Summer Squash and Corn Chowder

It’s day two of “Mostly Vegetarian Week.”  You’ll notice that tonight’s offering has bacon in it, thus the “mostly” qualifier, but you could leave that out for a truly vegetarian dish.  Soup probably seems like an odd choice in the July heat, but the more options I have for cooking squash the better.  This is a good option.  And with a few tweaks I think it could be really good.  I also think this will be the perfect use of the summer squash and corn that I’ll vacuum pack and freeze.  It will be a nice nod to Summer in the dreary days of Winter.

I followed the recipe almost exactly.  I made this in my large cast iron skillet rather than a Dutch oven just because I always fry my bacon in that skillet and dirtying another pan seemed silly.  I left out the celery because that didn’t sound like it would be good.  I only used about 1 1/2 cups of milk.  I think that’s enough.  Corn is pretty milky too.  I used fresh corn instead of frozen.  It tastes amazing and the kernels have a much better texture than frozen.  Of course it’s a lot more trouble too.  You have to silk it very thoroughly so you don’t have stray silks in your chowder.  And if you’ve never cut corn off of the cob I offer you this advice.  Put one end of the corn in a large shallow bowl and hold the other end.  The shallow bowl will allow you to cut all the way to the bottom of the cob and will keep the kernels from flying all over the counter.  Also be careful not to cut too deep.  If you do you’ll have little hard pieces of cob in your dish.  The last recipe adjustment that I made was to saute the whole kernels with the other vegetables for a few minutes.  It just adds a nice flavor.

Now for the suggested improvements.  The recipe calls for thyme.  Honestly the earthiness of the thyme is a little overwhelming and not entirely pleasant.  Next time I’ll leave it out.  For the leftover chowder from this recipe I’ll add a little additional salt and maybe a tad of smoked paprika.  The next time I make this I think I’ll include some green chiles or roasted poblanos.

The preparation goes pretty quickly.  I quartered each squash before chopping it into 1/2 inch pieces so it was chunky.  That helped it maintain a little firmness.  Green onions chop up in a flash.  The corn took a little while, but obviously using frozen would speed things up immensely.  It’s a little annoying to dirty the blender, but it really is the best way.

This is a sweet chowder.  The squash is sweet.  The corn is sweet.  The green onions are a really nice change from regular onions.  They add a bright, green element.  You’ll want to add a relatively generous amount of salt, especially if you decide to forego the bacon.  I recommend an extra sharp cheddar for a little depth of flavor.  A sharp white cheddar might be nice.  The original recipe indicates that the cheese and bacon are for “kid appeal,” but I think you’ll want at least one of those elements for flavor balance.  Overall this is a good and filling soup.  Try it alongside a fresh tomato and bacon sandwich.  Yum!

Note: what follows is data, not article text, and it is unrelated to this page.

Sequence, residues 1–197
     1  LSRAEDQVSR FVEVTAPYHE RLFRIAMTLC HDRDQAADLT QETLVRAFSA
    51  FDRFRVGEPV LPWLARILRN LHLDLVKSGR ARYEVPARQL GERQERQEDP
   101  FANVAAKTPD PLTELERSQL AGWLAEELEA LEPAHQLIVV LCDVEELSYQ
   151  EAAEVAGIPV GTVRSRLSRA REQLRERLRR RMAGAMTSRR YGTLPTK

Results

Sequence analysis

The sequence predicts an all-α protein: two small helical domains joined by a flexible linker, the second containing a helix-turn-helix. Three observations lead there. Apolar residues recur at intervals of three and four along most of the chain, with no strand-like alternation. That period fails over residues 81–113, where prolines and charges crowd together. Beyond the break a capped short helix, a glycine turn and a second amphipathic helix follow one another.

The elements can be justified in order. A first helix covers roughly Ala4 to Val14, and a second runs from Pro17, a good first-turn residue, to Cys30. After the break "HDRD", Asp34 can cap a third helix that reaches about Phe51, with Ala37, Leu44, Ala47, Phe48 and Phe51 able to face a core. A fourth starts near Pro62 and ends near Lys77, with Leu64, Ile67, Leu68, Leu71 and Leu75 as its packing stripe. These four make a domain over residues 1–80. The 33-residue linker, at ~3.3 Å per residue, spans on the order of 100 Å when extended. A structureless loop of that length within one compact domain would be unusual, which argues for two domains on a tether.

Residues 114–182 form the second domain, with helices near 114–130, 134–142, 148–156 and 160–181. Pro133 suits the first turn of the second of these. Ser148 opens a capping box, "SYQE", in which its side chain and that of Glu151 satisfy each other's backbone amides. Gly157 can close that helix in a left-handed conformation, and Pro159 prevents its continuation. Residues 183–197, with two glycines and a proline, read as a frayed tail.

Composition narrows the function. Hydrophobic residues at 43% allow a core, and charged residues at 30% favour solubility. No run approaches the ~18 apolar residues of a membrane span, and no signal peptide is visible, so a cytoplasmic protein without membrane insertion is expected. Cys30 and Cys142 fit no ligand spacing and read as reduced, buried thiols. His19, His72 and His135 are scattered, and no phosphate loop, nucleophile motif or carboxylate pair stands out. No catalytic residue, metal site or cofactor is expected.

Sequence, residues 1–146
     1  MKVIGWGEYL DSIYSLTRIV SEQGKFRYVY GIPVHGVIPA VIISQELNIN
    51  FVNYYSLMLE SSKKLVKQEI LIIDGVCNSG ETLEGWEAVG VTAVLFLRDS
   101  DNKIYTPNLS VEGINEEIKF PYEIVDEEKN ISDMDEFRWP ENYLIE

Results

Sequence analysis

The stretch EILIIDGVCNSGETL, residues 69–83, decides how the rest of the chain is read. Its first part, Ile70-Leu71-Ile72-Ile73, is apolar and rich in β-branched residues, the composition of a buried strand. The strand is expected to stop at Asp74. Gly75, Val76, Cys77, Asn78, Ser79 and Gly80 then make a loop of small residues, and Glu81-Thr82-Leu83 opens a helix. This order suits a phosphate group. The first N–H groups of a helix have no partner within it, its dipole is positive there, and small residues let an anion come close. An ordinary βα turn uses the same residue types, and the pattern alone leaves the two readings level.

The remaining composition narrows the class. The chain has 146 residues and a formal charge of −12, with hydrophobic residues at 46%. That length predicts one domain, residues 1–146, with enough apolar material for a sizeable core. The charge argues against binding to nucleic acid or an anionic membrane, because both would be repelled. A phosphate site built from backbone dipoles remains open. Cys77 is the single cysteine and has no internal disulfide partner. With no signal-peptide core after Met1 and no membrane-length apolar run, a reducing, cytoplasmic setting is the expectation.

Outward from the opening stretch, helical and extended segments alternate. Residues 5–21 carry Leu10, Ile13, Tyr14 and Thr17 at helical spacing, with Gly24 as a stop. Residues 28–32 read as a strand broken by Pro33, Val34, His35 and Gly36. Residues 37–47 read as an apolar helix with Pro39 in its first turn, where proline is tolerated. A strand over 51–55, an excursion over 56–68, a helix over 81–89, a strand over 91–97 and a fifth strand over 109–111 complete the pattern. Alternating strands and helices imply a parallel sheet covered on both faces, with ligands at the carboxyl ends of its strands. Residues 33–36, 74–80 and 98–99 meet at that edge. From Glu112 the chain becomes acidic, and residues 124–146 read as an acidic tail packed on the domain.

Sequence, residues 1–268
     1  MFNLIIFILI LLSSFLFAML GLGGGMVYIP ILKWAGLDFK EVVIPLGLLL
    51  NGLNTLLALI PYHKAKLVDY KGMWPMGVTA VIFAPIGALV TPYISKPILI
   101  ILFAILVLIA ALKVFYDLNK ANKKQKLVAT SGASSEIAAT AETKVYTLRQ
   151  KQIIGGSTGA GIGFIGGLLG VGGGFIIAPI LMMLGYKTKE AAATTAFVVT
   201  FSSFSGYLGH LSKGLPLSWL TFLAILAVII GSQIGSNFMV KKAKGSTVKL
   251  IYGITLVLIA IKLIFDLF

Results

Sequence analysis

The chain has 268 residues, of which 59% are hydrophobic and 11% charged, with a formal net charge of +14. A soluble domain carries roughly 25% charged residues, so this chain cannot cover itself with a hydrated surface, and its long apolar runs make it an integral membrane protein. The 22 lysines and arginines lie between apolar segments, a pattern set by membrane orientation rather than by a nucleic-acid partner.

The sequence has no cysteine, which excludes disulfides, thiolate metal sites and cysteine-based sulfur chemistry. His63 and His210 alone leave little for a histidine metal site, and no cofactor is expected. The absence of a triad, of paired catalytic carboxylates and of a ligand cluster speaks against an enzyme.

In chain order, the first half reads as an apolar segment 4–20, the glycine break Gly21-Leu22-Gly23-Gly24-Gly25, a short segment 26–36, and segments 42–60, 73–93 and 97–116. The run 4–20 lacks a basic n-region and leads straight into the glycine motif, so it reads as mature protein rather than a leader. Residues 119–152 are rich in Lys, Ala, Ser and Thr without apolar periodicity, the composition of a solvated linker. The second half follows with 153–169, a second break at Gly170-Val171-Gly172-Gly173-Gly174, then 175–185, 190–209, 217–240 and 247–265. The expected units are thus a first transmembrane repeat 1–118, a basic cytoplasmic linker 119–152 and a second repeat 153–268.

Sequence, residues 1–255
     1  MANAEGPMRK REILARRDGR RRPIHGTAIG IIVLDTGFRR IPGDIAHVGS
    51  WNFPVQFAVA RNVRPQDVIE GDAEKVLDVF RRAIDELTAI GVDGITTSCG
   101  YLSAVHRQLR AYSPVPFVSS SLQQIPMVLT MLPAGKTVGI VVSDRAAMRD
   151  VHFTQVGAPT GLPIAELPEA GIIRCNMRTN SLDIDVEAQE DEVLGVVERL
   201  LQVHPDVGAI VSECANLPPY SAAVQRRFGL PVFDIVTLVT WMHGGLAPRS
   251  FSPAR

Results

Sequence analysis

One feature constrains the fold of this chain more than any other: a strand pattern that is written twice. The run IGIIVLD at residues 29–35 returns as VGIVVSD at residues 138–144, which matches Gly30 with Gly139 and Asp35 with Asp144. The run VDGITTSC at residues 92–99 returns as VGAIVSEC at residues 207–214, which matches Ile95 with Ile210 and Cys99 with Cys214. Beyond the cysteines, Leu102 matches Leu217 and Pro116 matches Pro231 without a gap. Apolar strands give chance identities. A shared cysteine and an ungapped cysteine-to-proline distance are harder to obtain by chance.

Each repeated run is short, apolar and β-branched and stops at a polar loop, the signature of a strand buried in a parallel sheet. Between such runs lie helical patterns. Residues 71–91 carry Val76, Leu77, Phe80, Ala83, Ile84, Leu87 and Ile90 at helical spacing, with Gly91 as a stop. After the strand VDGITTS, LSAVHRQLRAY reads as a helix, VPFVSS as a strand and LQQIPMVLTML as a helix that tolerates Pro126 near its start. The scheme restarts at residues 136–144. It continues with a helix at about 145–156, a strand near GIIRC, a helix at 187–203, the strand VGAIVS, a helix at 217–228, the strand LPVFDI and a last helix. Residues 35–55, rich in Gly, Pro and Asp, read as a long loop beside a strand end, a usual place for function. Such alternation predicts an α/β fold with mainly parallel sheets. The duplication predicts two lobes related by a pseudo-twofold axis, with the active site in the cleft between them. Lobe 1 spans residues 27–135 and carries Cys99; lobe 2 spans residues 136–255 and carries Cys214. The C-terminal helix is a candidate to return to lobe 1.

Good? Yes.  Solidly good.
Easy? Yes.
Good for company? With some tweaks, I think so.
Special shopping? Nope.

Summer Squash and Corn Chowder

Ingredients

2 slices applewood-smoked bacon
3/4 cup sliced green onions, divided
3 medium yellow summer squash, chopped
3 ears white corn kernels, divided
1 1/2 cups milk, divided
1 teaspoon chopped fresh thyme
1/2 teaspoon salt
1/4 teaspoon freshly ground black pepper
1/4 cup (1 ounce) shredded extra-sharp cheddar cheese

Preparation

1. Cook bacon in a large Dutch oven over medium-high heat until crisp. Remove bacon from pan, reserving 2 teaspoons drippings in pan. Crumble bacon, and set aside. Add 1/2 cup onions and squash to drippings in pan; sauté 8 minutes or until vegetables are tender.
2. Reserve 1 cup corn; set aside. Place the remaining corn and 1 cup milk in a blender; process until smooth. Add remaining 1/2 cups milk, thyme, 1/2 teaspoon salt, and pepper to blender; process just until combined.
3. Add remaining corn to the pan with the other vegetables. Saute 2-3 minutes.
4. Add pureed mixture to pan. Reduce heat to medium; cook 5 minutes or until thoroughly heated, stirring constantly. Stir in 1/8 teaspoon salt. Ladle about 1 1/2 cups soup into each of 4 bowls; top each serving with about 1 tablespoon bacon, 1 tablespoon remaining onions, and 1 tablespoon cheese.

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